There were some great moments this episode, despite the constant reminder of the current political climate. Ryan’s estranged father left him a note after missing Grace’s funeral, and he opened up to Graham about it. Upon realizing everyone recognized Robertson, the Doctor automatically assumed he was Ed Sheeran (EVERYONE is talking about Ed Sheeran). My personal favorite was Yaz’s mom not skipping a beat when telling Robertson how to correctly pronounce her name (YAS, GIRL).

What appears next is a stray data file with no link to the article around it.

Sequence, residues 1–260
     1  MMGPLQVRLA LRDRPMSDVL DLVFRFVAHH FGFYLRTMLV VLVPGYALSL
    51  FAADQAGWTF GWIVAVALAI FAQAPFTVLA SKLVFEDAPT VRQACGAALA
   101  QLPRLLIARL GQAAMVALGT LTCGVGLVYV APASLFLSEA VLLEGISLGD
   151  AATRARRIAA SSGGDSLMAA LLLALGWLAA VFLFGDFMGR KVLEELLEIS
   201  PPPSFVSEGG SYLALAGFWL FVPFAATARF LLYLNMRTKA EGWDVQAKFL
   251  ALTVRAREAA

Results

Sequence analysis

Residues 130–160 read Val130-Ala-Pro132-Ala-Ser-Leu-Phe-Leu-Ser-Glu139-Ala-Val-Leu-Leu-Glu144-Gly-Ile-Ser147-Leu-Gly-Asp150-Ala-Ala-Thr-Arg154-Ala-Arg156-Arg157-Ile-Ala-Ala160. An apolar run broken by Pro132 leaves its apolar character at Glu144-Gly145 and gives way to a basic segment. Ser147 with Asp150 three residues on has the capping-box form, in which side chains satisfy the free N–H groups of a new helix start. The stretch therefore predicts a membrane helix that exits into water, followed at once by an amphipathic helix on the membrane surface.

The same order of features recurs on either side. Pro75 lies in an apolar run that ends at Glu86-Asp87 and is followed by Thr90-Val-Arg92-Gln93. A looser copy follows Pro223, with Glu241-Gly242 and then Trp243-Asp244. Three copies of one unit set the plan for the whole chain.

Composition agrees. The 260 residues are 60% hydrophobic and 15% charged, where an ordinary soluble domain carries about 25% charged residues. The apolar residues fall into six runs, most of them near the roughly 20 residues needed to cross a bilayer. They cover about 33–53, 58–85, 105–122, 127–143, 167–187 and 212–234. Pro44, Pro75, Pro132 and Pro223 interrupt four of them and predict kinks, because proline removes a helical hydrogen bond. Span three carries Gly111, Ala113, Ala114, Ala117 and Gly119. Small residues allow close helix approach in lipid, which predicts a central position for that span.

At the end of the episode, Graham, Ryan and Yaz all find their way back to the TARDIS and the Doctor. Done with their accidental adventures in time and space, they’re now seeking it out. Though this episode wasn’t quite as solid as the rest, it was still brilliantly acted by Jodie Whittaker and company, and in Doctor Who tradition it was able to flip the script on the traditional “monster.” I was actually sad about the mama spider, okay? That’s a pretty big thing to accomplish.